Department of Drinking Water Supply (Ministry of Rural Development)

The handbook is meant to help Gram Panchayats plan, implement, operate, maintain and manage drinking water security.

GP HandbookThis handbook for Gram Panchayats has been prepared by the Water and Sanitation Program (World Bank) for the Department of Drinking Water Supply, Ministry of Rural Development, Government of India.

The Department of Drinking Water Supply (DDWS) launched the National Rural Drinking Water Program (NRDWP) in April, 2009. The NRDWP builds on experiences gained through past efforts by many stakeholders and brings all existing rural drinking water initiatives under a single program. The focus of the NRDWP is to ensure drinking water security for all rural citizens in India. Drinking water security means providing every rural person with enough safe water for drinking, cooking and other domestic needs at all times and in all situations, including periods of drought and flood and for livestock.

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Preparing a strategic plan for rural drinking water sector in India with technical and financial details to accelerate coverage across the rural land.

This draft discussion paper by the Department of Drinking Water Supply (Ministry of Rural Development) deals with the preparation of strategic plan for rural drinking water sector in India. The Government of India introduced the Accelerated Rural Water Supply Programme (ARWSP) in 1972–73 to support States and UTs with financial and technical assistance to implement drinking water supply schemes in order to accelerate the pace of coverage across rural India.

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Sanitation must suit the needs of the areas specifically - the compendium details the various technologies suitable to three sections - household, rural and their operation and maintenance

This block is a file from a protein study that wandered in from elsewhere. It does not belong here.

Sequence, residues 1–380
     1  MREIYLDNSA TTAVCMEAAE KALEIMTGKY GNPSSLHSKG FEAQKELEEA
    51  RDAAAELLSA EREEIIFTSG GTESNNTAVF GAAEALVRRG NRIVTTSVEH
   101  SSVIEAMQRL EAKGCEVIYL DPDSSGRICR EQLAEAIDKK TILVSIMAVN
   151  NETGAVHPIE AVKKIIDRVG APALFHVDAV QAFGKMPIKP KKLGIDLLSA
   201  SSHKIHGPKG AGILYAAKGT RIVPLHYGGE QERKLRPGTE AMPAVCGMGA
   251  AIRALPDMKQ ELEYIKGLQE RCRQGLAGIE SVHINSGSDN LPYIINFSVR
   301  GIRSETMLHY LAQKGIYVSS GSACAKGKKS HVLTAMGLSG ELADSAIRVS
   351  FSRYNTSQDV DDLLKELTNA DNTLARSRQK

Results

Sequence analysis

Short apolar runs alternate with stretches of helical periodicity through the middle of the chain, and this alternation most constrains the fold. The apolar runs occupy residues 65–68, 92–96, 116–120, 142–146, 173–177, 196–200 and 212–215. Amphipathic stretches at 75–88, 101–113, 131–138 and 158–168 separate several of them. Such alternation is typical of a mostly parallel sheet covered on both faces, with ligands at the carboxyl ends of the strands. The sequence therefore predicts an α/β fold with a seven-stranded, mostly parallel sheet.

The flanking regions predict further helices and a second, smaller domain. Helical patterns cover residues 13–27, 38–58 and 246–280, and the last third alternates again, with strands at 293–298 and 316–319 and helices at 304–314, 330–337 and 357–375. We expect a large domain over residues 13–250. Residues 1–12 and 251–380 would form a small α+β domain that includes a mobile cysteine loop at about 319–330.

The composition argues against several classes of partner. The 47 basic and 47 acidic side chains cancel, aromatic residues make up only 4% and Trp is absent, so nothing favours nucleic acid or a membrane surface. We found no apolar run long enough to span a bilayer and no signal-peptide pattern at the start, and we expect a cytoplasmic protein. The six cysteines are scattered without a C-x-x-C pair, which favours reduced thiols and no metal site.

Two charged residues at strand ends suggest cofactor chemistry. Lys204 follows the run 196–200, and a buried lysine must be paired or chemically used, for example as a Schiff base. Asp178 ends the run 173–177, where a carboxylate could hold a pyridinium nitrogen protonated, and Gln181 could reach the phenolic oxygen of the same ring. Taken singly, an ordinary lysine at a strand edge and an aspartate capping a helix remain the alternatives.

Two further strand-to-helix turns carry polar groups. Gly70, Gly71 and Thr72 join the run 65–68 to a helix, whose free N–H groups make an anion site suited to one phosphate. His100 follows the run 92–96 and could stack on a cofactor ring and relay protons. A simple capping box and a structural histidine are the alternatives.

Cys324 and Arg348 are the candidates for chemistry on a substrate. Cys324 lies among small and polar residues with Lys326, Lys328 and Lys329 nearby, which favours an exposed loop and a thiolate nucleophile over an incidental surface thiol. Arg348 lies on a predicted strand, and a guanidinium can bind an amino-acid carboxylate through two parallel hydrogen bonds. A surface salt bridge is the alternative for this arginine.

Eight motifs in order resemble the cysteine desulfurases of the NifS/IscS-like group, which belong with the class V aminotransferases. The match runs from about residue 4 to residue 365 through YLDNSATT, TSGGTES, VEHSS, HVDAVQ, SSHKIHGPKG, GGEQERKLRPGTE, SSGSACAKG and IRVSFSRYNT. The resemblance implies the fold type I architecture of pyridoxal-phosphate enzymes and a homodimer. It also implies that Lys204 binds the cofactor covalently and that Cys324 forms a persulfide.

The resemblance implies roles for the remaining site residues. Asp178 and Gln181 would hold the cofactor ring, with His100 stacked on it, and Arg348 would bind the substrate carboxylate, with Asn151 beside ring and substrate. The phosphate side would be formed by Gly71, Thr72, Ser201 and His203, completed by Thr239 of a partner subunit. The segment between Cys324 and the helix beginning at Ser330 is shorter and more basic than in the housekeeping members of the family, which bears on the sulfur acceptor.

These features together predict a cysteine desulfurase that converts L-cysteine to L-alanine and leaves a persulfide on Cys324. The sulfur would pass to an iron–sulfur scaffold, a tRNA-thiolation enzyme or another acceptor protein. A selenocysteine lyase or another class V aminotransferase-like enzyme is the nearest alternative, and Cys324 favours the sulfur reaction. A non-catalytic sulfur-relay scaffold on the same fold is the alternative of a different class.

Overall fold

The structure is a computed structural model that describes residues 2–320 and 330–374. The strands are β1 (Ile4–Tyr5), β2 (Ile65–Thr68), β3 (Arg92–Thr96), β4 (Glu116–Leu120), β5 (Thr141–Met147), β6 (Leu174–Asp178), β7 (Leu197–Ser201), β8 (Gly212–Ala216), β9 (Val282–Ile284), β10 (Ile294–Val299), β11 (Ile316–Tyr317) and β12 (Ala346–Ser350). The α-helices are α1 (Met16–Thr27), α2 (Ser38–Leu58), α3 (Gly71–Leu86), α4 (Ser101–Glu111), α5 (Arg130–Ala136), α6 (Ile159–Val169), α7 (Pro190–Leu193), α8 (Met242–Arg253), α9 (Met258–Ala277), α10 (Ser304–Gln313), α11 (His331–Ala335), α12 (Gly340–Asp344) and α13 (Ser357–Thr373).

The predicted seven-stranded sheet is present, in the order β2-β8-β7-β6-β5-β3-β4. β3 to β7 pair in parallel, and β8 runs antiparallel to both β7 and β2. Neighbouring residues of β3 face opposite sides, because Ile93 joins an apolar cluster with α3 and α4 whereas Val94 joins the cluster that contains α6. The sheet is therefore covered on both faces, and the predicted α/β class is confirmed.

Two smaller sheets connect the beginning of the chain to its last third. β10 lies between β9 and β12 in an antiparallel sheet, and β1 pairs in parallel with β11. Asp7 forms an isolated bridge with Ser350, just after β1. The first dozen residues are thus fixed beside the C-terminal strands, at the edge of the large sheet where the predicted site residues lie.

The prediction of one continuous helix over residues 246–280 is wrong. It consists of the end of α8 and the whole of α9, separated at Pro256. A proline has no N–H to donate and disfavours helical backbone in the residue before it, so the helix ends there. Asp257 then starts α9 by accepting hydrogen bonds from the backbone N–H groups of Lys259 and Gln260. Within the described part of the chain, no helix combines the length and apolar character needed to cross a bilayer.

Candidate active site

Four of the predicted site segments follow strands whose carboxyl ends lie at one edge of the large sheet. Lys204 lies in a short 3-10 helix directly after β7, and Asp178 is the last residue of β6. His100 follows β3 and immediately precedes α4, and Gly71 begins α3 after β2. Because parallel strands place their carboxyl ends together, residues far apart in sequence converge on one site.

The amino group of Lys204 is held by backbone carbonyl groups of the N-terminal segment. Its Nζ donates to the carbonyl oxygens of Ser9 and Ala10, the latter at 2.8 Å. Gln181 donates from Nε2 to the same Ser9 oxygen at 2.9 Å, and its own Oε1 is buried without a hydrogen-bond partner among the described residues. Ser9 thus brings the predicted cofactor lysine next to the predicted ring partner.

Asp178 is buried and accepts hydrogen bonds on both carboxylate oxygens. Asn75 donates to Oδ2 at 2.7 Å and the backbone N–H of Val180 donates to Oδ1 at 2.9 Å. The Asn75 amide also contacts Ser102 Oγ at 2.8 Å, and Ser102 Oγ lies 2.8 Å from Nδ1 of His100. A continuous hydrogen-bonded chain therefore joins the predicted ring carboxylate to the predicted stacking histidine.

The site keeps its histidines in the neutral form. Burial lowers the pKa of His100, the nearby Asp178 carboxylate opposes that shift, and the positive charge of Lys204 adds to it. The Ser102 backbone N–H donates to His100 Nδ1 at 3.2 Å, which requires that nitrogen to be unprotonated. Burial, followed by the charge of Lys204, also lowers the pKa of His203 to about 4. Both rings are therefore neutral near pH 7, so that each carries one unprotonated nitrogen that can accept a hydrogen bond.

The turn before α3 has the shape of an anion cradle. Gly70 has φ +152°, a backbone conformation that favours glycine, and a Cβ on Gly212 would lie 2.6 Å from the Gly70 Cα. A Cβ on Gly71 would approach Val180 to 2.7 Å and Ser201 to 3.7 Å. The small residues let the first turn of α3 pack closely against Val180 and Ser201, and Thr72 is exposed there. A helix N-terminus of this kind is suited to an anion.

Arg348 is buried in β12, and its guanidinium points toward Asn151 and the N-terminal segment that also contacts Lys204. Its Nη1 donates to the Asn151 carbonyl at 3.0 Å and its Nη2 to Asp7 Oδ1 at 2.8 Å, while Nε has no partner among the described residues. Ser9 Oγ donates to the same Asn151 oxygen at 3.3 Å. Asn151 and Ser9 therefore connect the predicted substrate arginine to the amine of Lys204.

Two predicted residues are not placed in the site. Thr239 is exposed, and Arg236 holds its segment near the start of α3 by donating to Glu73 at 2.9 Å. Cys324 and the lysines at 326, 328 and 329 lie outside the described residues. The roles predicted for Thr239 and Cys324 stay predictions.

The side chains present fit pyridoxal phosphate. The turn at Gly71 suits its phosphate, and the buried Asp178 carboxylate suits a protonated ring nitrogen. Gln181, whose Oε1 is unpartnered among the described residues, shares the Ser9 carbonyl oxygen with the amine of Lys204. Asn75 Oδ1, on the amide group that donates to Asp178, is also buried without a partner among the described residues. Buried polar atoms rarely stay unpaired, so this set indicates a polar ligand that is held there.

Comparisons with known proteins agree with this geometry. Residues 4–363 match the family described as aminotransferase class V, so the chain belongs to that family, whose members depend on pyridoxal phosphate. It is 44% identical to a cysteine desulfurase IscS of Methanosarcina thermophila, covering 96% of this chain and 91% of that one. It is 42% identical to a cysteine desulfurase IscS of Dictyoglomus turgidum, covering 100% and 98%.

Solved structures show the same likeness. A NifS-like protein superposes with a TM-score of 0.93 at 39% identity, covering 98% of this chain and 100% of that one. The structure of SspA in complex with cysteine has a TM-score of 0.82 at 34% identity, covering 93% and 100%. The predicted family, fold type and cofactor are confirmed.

Technology options for household sanitationAs part of the Total Sanitation Campaign (TSC), the Ministry of Rural Development under the Rajiv Gandhi National Drinking Water Mission and UNICEF have brought out a compedium that details the various sanitation technologies available to above and below poverty line households .

The authors have divided the report into three subjects - the first being the need for household sanitation and the extent of the problem in rural India. The second section looks at sanitation technology in general with a focus on rural areas and technologies for different conditions. The third part deals with operation and maintenance of  such technologies  and  includes a chapter on components of a toilet.

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The need to scale up reforms in water sector in India, the sector reforms project of 1999-2000 has been slightly improved and launched as swajaldhara in 2002

The Swajaldhara Guidelines are an outcome of the Sector Reforms Project launched on a pilot basis in the year 1999-2000 and presently scaled up for the whole country from the Tenth Plan. Thus, if the village/block level Panchayati Raj Institutions or User Groups come forward and agree to adhere to the reform principles, water supply schemes can be taken up by them in those areas.

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